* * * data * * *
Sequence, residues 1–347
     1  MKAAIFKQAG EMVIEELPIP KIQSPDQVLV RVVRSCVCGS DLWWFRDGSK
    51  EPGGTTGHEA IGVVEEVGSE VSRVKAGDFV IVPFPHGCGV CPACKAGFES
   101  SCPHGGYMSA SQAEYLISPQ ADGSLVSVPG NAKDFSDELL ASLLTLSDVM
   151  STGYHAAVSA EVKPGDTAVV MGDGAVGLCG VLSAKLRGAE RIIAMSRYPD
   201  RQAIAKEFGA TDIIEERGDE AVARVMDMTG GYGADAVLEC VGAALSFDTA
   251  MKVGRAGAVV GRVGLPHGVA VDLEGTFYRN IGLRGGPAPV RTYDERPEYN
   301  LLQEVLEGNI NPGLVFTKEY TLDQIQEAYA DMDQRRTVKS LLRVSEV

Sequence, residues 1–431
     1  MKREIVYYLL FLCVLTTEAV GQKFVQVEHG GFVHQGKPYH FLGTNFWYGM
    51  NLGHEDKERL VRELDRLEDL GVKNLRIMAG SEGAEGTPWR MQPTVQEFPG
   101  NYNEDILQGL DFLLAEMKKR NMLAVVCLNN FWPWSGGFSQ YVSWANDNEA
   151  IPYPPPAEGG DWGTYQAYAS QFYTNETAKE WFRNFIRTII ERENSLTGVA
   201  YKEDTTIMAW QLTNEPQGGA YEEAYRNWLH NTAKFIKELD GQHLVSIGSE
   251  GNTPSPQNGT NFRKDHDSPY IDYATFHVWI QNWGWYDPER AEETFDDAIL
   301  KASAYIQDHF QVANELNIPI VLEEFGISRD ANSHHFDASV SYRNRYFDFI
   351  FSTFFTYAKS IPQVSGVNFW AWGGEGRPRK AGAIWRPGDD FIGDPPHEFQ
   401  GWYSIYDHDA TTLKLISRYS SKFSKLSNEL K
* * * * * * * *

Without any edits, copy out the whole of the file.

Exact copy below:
Sequence, residues 1–347
     1  MKAAIFKQAG EMVIEELPIP KIQSPDQVLV RVVRSCVCGS DLWWFRDGSK
    51  EPGGTTGHEA IGVVEEVGSE VSRVKAGDFV IVPFPHGCGV CPACKAGFES
   101  SCPHGGYMSA SQAEYLISPQ ADGSLVSVPG NAKDFSDELL ASLLTLSDVM
   151  STGYHAAVSA EVKPGDTAVV MGDGAVGLCG VLSAKLRGAE RIIAMSRYPD
   201  RQAIAKEFGA TDIIEERGDE AVARVMDMTG GYGADAVLEC VGAALSFDTA
   251  MKVGRAGAVV GRVGLPHGVA VDLEGTFYRN IGLRGGPAPV RTYDERPEYN
   301  LLQEVLEGNI NPGLVFTKEY TLDQIQEAYA DMDQRRTVKS LLRVSEV

Sequence, residues 1–431
     1  MKREIVYYLL FLCVLTTEAV GQKFVQVEHG GFVHQGKPYH FLGTNFWYGM
    51  NLGHEDKERL VRELDRLEDL GVKNLRIMAG SEGAEGTPWR MQPTVQEFPG
   101  NYNEDILQGL DFLLAEMKKR NMLAVVCLNN FWPWSGGFSQ YVSWANDNEA
   151  IPYPPPAEGG DWGTYQAYAS QFYTNETAKE WFRNFIRTII ERENSLTGVA
   201  YKEDTTIMAW QLTNEPQGGA YEEAYRNWLH NTAKFIKELD GQHLVSIGSE
   251  GNTPSPQNGT NFRKDHDSPY IDYATFHVWI QNWGWYDPER AEETFDDAIL
   301  KASAYIQDHF QVANELNIPI VLEEFGISRD ANSHHFDASV SYRNRYFDFI
   351  FSTFFTYAKS IPQVSGVNFW AWGGEGRPRK AGAIWRPGDD FIGDPPHEFQ
   401  GWYSIYDHDA TTLKLISRYS SKFSKLSNEL K